This all sounds great, but there have been challenges, and the constant requirement for capital is one of them. Byton has delayed the launch of the production version of the M-Byte by two quarters. It’s now looking like commercial production will begin by the end of the second quarter of 2020.
Here are a couple of interesting tidbits for those manufacturing geeks out there:
We hear a lot. But we’re not selfish. Let’s share. A little bird is where we pass along insider tips and what we’re hearing or finding from reliable, informed sources in the industry. This isn’t a place for unfounded gossip.
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I recently spoke to Randol Aikin, the head of systems engineering at self-driving trucks startup Ike Robotics, about the company’s approach, which is based on a methodology developed at MIT called Systems Theoretic Process Analysis. STPA is the foundation for Ike’s product development.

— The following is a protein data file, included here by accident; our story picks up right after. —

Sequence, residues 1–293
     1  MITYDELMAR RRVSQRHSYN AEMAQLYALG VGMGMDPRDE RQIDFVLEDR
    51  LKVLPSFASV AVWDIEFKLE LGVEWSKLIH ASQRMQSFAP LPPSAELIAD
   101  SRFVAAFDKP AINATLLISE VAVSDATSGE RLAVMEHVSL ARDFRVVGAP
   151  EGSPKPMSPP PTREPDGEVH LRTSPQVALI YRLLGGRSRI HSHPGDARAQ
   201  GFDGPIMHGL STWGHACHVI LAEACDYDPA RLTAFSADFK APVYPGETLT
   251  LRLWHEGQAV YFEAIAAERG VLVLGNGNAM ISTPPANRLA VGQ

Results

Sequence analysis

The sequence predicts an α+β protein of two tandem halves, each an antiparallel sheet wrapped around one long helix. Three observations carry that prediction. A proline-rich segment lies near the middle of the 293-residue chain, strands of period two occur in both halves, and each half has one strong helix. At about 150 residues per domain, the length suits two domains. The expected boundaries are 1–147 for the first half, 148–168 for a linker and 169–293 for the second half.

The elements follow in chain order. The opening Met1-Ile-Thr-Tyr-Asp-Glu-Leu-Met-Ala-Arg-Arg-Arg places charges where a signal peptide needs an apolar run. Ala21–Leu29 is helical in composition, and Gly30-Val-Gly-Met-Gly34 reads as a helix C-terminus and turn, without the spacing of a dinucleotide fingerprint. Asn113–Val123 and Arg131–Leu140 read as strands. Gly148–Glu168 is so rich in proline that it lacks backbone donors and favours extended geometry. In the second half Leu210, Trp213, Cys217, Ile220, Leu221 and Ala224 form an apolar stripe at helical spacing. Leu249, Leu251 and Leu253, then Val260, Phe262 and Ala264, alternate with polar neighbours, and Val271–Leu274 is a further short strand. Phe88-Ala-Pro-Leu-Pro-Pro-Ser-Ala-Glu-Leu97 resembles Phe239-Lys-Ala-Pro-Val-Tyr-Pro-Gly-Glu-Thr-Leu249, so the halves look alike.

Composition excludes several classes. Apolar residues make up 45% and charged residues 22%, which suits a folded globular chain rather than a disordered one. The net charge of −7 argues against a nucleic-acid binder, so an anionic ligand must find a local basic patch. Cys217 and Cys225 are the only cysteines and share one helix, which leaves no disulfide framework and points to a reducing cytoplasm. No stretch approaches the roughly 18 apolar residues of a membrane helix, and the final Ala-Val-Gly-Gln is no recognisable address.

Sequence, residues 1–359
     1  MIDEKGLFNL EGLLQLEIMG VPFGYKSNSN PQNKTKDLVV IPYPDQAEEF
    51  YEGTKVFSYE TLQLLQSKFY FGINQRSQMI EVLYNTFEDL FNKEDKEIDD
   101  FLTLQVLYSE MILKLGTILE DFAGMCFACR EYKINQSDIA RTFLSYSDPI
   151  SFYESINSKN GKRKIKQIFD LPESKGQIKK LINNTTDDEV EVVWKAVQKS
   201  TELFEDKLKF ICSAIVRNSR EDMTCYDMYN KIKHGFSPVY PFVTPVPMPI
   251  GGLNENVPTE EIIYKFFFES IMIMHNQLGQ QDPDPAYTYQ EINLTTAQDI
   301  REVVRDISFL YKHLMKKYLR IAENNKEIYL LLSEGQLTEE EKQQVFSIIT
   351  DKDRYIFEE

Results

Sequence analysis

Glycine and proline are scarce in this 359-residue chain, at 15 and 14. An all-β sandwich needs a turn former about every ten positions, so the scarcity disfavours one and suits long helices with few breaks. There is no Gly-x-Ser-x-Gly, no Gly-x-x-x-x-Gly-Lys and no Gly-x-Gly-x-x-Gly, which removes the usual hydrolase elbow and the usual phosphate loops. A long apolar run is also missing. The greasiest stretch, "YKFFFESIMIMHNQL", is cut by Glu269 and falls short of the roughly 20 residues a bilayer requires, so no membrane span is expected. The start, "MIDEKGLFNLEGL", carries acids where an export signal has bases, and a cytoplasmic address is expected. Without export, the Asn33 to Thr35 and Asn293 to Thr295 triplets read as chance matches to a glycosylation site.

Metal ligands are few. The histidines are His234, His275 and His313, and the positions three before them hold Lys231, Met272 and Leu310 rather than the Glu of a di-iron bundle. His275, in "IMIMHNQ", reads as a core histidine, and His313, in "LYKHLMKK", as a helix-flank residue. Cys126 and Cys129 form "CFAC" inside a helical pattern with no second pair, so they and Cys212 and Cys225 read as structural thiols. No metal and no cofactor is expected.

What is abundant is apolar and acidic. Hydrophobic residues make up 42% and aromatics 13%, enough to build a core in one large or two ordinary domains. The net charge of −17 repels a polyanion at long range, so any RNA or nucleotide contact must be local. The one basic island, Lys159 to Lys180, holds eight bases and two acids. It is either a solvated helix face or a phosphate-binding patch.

The company also released a wickedly long safety report (it’s halfway down that landing page in the link provided).
The complete interview was included in the emailed newsletter. Yet another reason to subscribe to this free newsletter. Here’s one quote from the interview with Aikin:
We asked the question, what do we have to prove to ourselves and demonstrate in order to be on a public road safely? It’s the same question that we’re going to have to answer for the product as well, which is, what do we need to prove to assure that we’re safe to operate without a human in the cab?
It’s one of the huge unproven hypotheses. Anybody in this space that doesn’t consider that to be a huge technical challenges is ignoring a really thorny and important question.
Our mobility coverage extends to Extra Crunch. Check out my latest article on who will own the future of transportation based on insights from Zoox CEO Aicha Evans and former Michigan Gov. Jennifer Granholm. The idea here is to explore some of the nuances of this loaded question.